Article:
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Preparation and practice are the key to passing the apprenticeship test

Published 21st June, 2024 by Chris James

Chris James

Chris James

Chartered Institution of Waste Management’s representative on the BCC Board
The British Cleaning Council

Preparation and practice are the key to passing the apprenticeship test

Chris James is the Chartered Institution of Wastes Management’s (CIWM) representative on the BCC Board as well as an assessor for the new Level 2 Cleaning Hygiene Operative Apprenticeship. In this column, Chris gives some expert advice to sector staff to help them pass the assessment at the end of apprenticeship training.

If there was one thing I would say to cleaning and hygiene operatives coming forward for end-point assessment for the apprenticeship it is ‘prepare and practice’! OK, two things, both equally important.

Once you have completed the apprenticeship training, your employer, often in consultation with your training provider, will tell you that they think you are ready for the test, or to give it proper title, the end point assessment.

It is important to understand that it is delivered independently of your employer or training provider, by people you will not know. Please accept they are industry experts and are actually very human, and want to provide you with every chance of being successful. I would say don’t worry, but you will, even if only a bit. The best way to reduce worry is to prepare and practice.

So…you have an upcoming multiple choice question paper! Please remember your photo ID to prove identity even if the test is online. You will face 24 questions in an hour. It’s about what you know. It is closed book test, meaning you cannot refer to your notes. It is based on what you have learned and, after revising, can remember. Remember, there is only one right answer to a question. There will be four options, one correct and three which are incorrect. Take your time, read the question carefully and because you will have practiced and revised, it will be clear which one is correct. Most apprentices are OK with this test. If you do not pass first time you can always have another go following more revision.

The next part of the assessment will generally be at your place of work. It will be observation with questions and will take two hours. You will be using equipment and materials you are familiar with. Your employer, training provider and assessor will make sure you have everything you need to succeed. But I cannot stress enough the need to practice and perfect your cleaning techniques using recognised industry methods. Equally, know how and when to use PPE and COSHH Safety Data Sheets; know how to carry out checks to make sure equipment is safe to use. And another thing - preparation and use of cleaning agents is a key element. Practice dilution of cleaning chemicals into a variety of different sized containers until you are certain of what to do and how to do it.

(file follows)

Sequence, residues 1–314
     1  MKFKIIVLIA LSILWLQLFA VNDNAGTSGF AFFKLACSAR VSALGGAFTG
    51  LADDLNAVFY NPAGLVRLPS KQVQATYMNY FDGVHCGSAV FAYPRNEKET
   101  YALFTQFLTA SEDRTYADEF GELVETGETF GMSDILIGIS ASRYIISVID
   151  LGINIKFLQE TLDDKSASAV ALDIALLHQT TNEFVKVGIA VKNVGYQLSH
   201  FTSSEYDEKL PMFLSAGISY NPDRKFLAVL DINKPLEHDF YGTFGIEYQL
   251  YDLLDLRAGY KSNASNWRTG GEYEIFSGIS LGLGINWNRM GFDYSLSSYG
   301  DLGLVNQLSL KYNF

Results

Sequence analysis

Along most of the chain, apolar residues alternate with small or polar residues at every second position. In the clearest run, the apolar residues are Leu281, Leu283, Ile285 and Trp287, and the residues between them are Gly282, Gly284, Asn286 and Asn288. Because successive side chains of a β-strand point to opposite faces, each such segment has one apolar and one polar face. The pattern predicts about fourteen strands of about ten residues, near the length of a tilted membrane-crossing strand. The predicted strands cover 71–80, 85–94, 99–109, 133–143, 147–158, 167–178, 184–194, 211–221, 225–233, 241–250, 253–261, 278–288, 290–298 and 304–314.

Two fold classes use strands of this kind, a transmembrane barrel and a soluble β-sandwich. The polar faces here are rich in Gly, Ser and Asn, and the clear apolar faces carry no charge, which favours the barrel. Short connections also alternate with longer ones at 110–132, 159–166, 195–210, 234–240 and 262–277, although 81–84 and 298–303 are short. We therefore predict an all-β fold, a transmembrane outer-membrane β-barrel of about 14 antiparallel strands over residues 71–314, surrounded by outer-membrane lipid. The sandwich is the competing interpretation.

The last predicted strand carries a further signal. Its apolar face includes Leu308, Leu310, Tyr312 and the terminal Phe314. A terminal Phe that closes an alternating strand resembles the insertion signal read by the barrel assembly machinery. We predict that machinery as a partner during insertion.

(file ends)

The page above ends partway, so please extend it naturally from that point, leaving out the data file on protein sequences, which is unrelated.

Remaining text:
Because it is important, you are given the chance to show all of the skills required in the time allowed, the assessor may direct you. For example, she may say: “Thank you for cleaning this area. I would now like you to prepare and move to cleaning a toilet area.” This is commonly included because of the need for a close focus on the order of cleaning and prevention of cross- contamination, colour coding etc. From time to time the assessor will ask you questions about what you are doing, to make sure that you know why you are doing it. For example: “Can you tell me why you are using a red cloth in this area?”

Throughout the observed practical assessment, the assessor will try to remain in the background, recording your performance. This may be as notes, audio, photos or even video, depending on location and constraints. Once this is over, the assessor will have a few more questions for you, some based on what they saw you do and others which are more general.

As before, if you do not pass this part of the assessment first time you can retrain and try again.

The third part of the assessment is a number of set questions. It will take 30 minutes and can be daunting. I always try to put the apprentice at ease and start with questions which are generally accessible. Rehearse this a number of times before the actual assessment so you will be prepared and familiar with talking about your work and what you know. Personally, I would always use my phone on a tripod to video the assessment as well as taking notes, since this would always take place in a quiet private space.

If you do not understand a question, ask for it to be repeated. Most assessors will try and re-phrase it in a way to help you understand. ‘Simples’ as they say.

I will finish as I started with a single crucial piece of advice. Prepare and practice. I could bore you with details of the exceptional performances I have been able to observe as well as the dire. The best always prepare, practice and rehearse. I would say good luck, but I prefer to say, ‘good preparation!’

For more information about the apprenticeship standard, please visit:

About the contributor

Chris James

Chris James

Chartered Institution of Waste Management’s representative on the BCC Board

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